DENVER -- It was so simple, when distilled to its essence: Demaryius Thomas ran a go route and was gone.
With 1:48 left before halftime, the fifth-year wide receiver sprinted outside Arizona cornerback Antonio Cromartie up the left sideline, caught a pass delivered in stride from Peyton Manning and dashed away. The play covered 86 yards, a start-to-finish sprint which served thunderous notice that his September struggles were nothing more than a speed bump on his highway to greatness.
By the time the Broncos' 41-20 dismantling of the previously undefeated Cardinals was complete, Thomas had a team-record 226 receiving yards on eight receptions, scored two touchdowns and restored order to the offense -- and to his own 2014 season. By halftime Sunday, he had more yards than he amassed in the first three games.
"People have talked about, 'This slump, that slump,'" said Head Coach John Fox. "But he answered the bell today and had a big day."
Ah, the "slump." A three-week stretch in which Thomas caught 13 passes for 141 yards, scored one touchdown and added a game-tying two-point conversion with 18 seconds left in regulation at Seatt;e.
Those numbers put him on pace for a 69-catch, 752-yard season. Not bad. But nowhere near the pace he set from the end of 2011 through 2013, a 43-game stretch including the postseason in which he averaged 94 receptions for 1,471 yards and 12 touchdowns per 16 games.
That is greatness. That is his standard, which he began to establish months before Manning signed with the Broncos.
"He has no ceiling," said fellow wide receiver Emmanuel Sanders. "He's fast -- he's just as fast as me. He can take you over the top, he can beat you underneath."
Thomas can do anything asked of a wide receiver in the modern, pass-intensive game. That's why Weeks 1-3 were so stunning, because he did not come close to meeting his expectations, even though he refused to call the reduced output a slump.
"I can say I never had three (games) like my first three," he said.
In those games, he dropped four passes. According to STATS, Inc., that put him in the league lead in drops per game (1.33). He endured an unknown struggle in an unfamiliar role, finding himself in the slot more often in Weeks 1 and 2, while Wes Welker missed two games to a league suspension.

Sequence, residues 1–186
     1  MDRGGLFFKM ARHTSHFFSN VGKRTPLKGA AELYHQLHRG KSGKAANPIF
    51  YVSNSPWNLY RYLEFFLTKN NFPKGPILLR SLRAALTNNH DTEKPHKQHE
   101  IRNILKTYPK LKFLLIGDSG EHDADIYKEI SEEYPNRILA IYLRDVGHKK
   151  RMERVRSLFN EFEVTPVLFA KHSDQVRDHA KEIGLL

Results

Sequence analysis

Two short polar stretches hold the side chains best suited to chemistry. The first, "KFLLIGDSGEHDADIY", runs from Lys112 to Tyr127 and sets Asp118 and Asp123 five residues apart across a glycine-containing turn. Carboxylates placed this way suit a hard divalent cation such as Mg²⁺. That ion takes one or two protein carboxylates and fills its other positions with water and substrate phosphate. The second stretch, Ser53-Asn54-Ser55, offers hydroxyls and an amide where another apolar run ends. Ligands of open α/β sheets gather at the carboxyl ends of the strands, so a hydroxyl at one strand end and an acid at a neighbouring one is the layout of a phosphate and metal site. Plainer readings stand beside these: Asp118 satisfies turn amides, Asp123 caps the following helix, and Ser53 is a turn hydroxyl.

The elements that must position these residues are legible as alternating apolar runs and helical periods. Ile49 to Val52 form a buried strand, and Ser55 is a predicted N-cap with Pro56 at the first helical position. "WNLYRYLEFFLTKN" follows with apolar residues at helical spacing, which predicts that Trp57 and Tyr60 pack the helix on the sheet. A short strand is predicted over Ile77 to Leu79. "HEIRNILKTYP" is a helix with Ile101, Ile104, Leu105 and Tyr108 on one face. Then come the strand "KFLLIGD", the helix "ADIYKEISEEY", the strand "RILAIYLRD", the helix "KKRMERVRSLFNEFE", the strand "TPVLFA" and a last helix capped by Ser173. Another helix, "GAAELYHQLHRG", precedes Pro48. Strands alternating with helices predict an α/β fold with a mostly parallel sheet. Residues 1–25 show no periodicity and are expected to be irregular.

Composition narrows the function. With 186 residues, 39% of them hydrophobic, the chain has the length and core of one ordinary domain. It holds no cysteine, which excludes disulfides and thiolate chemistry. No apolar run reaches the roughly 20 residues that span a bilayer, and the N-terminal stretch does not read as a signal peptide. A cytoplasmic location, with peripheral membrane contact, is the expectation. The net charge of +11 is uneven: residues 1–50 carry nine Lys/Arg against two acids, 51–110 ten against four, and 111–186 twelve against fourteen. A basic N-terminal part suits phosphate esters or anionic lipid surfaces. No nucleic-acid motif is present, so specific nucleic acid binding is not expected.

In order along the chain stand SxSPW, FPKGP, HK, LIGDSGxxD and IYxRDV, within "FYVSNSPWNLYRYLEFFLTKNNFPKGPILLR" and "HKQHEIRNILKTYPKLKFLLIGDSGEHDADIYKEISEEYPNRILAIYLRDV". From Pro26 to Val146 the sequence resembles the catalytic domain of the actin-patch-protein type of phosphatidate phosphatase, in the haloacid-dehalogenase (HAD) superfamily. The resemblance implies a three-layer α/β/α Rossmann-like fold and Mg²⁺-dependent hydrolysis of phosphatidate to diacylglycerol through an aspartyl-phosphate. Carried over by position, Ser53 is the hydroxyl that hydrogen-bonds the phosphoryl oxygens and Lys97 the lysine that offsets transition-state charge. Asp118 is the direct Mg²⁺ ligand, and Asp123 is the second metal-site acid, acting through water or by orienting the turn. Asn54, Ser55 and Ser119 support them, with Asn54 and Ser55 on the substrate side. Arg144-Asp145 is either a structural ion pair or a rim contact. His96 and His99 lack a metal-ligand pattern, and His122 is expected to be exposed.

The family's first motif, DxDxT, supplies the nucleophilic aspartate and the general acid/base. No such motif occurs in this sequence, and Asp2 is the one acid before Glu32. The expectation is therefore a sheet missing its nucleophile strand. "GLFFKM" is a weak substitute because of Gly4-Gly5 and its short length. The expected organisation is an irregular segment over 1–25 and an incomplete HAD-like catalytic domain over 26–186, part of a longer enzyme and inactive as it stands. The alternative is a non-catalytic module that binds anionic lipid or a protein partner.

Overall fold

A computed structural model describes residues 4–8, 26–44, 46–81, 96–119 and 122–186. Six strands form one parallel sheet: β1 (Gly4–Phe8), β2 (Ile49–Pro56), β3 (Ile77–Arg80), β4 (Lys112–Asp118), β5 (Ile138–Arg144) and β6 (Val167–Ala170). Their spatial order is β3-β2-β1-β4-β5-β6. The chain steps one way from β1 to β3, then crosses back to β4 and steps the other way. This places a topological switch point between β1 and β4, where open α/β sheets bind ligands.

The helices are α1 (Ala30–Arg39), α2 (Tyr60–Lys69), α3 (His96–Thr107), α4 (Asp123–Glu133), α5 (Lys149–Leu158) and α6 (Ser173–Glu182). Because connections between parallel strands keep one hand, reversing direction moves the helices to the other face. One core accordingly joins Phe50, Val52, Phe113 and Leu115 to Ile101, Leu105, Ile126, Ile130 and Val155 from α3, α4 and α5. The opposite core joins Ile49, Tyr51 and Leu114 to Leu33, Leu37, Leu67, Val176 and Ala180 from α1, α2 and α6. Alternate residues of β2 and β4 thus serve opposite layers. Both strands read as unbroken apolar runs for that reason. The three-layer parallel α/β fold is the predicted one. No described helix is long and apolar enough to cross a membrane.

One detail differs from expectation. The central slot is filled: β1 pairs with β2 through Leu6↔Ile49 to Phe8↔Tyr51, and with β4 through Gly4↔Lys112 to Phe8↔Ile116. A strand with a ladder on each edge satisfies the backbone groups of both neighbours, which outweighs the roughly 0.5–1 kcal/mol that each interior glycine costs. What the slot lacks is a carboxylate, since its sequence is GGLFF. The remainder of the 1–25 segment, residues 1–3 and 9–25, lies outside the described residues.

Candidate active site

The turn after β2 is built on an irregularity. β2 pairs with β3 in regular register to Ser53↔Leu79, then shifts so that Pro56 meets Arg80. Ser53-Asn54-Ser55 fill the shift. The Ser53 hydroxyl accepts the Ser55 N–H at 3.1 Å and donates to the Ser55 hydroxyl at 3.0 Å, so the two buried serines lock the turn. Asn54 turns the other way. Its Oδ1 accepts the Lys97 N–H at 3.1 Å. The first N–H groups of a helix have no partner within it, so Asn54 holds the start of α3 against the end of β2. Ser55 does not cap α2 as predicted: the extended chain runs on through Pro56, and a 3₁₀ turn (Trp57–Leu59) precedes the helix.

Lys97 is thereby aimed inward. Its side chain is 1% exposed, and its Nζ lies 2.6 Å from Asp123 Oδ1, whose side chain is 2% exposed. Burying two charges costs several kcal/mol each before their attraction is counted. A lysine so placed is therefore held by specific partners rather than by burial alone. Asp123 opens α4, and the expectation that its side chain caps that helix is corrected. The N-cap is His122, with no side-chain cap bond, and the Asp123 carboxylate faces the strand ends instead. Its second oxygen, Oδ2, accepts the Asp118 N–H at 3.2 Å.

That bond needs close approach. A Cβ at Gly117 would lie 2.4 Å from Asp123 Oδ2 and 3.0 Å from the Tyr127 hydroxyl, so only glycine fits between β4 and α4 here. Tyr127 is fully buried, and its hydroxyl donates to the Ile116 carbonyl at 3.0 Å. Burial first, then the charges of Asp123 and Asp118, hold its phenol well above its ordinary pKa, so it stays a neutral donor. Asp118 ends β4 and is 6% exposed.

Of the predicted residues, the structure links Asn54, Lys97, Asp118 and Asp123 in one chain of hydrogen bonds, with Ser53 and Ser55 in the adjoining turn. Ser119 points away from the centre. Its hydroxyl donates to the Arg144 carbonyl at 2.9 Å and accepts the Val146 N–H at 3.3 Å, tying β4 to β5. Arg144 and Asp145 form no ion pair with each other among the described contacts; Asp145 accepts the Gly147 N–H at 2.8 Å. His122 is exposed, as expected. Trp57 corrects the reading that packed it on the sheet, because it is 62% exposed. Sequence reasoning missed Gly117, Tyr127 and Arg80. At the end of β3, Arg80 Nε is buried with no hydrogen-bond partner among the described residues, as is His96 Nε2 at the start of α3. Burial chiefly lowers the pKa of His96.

"I had to play slot because Welker was out and I'm not used to that," Thomas said. "I knew if it was like third-and-5, Peyton always went to Welker and I knew if I'm not open, he's going to be on me.
"So I was thinking when I got the ball coming my way, I would drop it, and first one I dropped, I let it get to my head, (thinking), 'I'm letting down Peyton, I'm letting down my team.'"
Then came the bye week. Its timing was reviled by some because it arrived with 13 regular-season games still left to play, Thomas saw it as an opportunity. At no one's prompting but his own, he worked harder.
"Somebody asked me, 'Did y'all challenge Demaryius?' Demaryius challenged himself during the bye week," said Manning. "He knew he wasn't playing up to his capabilities."
"I did challenge myself," he said. "Before we went on bye week, I came in one Monday before everybody and caught, like, 250 balls.
"Every game I had drops -- and not like I am used to that -- so I came in and caught balls. Throughout the week once we got back to practice, I tried to do a little more than what I usually to do."
And the Cardinals were the ideal opponent to face when he needed a rebound. Their defense is unafraid of gambling on the strength of Cromartie and fellow cornerback Patrick Peterson in press man coverage.
If the 6-foot-3, 229-pound Thomas could use his size and speed advantage to avoid a forced detour from his route at the snap, he would be in position for the type of big plays that have defined his career to date, but were missing in September.
None were bigger than a touchdown that was the Broncos' longest offensive play in five years, a play that was the apex of the Manning-to-Demaryius connection that continues to propel the offense.
"Demaryius always does that. He always goes off," said Sanders. "All the media has been criticizing him in terms of his production and things of that sort. I went on NFL Network and told them, 'Demaryius can go off at any moment and have a 200-yard game.'"
He did, and accomplished his team-record performance in the simplest fashion: by being bigger, faster, stronger and more agile than the man facing him, and exploiting the advantage at every turn.